4)  And finally, end with a brilliant musical surprise!

Love Actually – Peter and Juliet’s wedding




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At some point in my youth, I had heard that police officers in London carried billy clubs as their only weapon.  “What a country!”, I thought, “where even in their largest metropolis, it was considered unnecessary for law enforcement to carry firearms.”  To this day, apparently, ordinary beat officers are not usually armed or even trained in the use of such weapons, though some exceptions exist.

Detective/special agent programs abound in the UK  and they are very good at producing that genre. In fact they are so popular that PBS’ Masterpiece Mystery features them regularly.  But for the moment, I want to focus on the good old uniformed police officers and how they are portrayed in British television. 

Let’s start with the small village police officer.  They are dedicated men who take their duties seriously.  While the villagers they protect often discount their diligence, when they are needed, these brave officers come through for their friends and neighbors. 

1) Garda Ambrose Egan from Ballykissangel is a stickler when it comes to the law.  While sometimes bumbling in his personal life, he is calm and clear-headed whether he is enforcing village traffic laws or going undercover to break up a drug ring in a biker bar.

2) Doc Martin’s PCs Mylow and Penhale protect Portwenn with good intentions though their diligence can be sidetracked by scheming women in the case of the former and various medical and mental disorders in the case of the latter.  But in their minds, police work defines who they are and they are always on the lookout for law breakers.

3)  Hamish Macbeth of Lochdubh, on the other hand, is a different type of  small town police officer.  He is actually more normal than most everyone else in his village.  He keeps the peace just fine without being terribly concerned with details of the law.  And he often gives credit to others for solving crimes in order to avoid being promoted out of Lochdubh.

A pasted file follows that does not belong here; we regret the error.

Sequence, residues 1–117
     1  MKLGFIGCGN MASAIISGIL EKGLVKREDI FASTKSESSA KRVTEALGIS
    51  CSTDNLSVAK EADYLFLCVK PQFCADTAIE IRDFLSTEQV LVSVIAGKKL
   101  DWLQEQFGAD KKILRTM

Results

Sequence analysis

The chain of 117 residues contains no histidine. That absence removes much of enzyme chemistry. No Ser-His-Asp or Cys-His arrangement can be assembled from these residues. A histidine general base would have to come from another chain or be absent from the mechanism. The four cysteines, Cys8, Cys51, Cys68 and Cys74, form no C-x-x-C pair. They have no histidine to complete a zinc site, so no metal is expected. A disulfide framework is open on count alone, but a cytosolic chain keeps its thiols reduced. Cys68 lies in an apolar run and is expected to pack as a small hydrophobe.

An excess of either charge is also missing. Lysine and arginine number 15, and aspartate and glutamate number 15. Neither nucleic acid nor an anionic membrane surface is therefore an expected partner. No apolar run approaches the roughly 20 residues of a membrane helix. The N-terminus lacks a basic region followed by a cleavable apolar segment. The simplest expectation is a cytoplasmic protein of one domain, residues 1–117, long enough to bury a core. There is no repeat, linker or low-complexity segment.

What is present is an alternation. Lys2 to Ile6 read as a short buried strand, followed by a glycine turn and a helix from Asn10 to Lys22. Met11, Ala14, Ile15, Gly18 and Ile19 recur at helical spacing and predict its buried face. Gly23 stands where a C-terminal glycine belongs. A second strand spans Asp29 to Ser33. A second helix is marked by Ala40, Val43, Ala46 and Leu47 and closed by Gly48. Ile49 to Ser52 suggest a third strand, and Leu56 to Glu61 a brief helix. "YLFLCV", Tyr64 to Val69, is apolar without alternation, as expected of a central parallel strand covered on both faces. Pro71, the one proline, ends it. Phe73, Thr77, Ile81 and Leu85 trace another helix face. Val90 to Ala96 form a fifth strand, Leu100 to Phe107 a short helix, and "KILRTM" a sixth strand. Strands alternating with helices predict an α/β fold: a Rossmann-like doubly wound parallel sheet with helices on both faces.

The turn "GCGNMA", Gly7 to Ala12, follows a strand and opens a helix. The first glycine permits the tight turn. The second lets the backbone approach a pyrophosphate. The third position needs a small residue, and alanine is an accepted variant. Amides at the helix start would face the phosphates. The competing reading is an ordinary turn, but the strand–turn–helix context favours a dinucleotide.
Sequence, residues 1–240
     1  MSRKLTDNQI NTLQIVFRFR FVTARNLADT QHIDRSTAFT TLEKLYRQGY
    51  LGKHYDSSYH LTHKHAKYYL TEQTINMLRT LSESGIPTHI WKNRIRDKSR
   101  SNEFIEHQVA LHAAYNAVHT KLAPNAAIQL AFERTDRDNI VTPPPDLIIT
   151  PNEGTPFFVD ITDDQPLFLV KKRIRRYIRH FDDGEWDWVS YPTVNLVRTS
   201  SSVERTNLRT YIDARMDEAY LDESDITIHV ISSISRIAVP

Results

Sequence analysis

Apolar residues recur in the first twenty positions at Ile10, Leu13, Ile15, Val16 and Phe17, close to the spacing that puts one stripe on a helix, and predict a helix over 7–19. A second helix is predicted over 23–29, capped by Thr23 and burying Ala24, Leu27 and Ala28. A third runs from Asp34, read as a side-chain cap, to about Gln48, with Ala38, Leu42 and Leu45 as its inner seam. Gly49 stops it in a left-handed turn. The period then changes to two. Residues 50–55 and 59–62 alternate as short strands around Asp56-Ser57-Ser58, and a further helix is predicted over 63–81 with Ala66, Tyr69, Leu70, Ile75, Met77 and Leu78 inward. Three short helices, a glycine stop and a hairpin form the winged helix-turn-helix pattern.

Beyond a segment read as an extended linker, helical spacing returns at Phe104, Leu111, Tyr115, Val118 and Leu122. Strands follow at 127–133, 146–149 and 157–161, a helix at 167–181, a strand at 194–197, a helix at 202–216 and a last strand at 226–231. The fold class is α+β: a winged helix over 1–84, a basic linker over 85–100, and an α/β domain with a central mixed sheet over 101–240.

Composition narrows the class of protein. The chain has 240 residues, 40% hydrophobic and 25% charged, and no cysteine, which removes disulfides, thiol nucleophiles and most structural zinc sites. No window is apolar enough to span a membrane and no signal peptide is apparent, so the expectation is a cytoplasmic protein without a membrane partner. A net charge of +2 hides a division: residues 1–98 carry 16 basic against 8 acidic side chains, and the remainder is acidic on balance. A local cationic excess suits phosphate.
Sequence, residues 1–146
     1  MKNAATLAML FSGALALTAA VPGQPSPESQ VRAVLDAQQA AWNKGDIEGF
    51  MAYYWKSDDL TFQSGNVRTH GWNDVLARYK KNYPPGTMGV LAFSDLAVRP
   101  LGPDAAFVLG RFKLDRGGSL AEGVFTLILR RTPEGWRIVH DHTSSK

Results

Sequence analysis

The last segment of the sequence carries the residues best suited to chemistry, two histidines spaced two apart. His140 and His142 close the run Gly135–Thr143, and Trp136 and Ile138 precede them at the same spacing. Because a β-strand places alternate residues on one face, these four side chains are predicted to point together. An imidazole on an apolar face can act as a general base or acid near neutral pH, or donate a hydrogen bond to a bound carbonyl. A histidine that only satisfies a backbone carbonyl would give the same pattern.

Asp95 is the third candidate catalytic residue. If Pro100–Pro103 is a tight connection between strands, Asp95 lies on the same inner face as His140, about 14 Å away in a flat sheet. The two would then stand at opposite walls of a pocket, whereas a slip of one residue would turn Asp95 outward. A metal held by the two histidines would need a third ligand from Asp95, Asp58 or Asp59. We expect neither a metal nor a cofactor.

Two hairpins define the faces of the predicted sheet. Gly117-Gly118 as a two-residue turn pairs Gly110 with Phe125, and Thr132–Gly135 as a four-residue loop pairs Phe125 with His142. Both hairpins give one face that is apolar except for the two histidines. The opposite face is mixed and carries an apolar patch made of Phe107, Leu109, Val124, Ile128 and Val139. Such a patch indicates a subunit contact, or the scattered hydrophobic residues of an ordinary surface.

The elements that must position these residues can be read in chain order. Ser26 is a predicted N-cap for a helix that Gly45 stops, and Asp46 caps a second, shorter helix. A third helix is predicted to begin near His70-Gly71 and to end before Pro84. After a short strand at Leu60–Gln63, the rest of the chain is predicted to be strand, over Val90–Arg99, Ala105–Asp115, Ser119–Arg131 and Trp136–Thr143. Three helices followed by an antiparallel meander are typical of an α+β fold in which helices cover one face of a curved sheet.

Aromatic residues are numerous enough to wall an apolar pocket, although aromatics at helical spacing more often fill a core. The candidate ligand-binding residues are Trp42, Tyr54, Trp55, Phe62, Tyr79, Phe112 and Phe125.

The Thin Blue Line follows an entire police department through their daily routines in the town of Gasforth.  As mentioned in the previous examples, Inspector Fowler (Rowan Atkinson) is dedicated to his job and performs his duties earnestly.  His subordinates are a diverse group and there is a definite rivalry between the uniformed police and CID (Criminal Investigation Department) aka plain clothes detectives.  The cocky detectives don’t always do things by the book, and in those situations, the tried and true men and women in blue triumph, if only by accident.

Hot Fuzz is a film and not a tv series, but I want to mention it anyway, because I love Simon Pegg movies and because it is a hilarious take on the work of police officers in the UK.  PC Nicholas Angel is such a perfect law enforcement officer that he is making the rest of the London force look bad.  Therefore the powers that be send him to the seemingly idyllic village of Sanford.  Once there he is mocked for being suspicious of the many accidents that are claiming villagers on a nearly daily basis.  Throw in a dash of American police buddy movie violence and the ending is like nothing you would expect from a proper British bobby. 

I have not watched any British police dramas of the Hill Street Blues variety, so I can only gather my impressions from the comedies.  Yes, these characters resemble Barney Fife at times, but I think that they are endearing jabs at a profession and the people who protect us on a daily basis.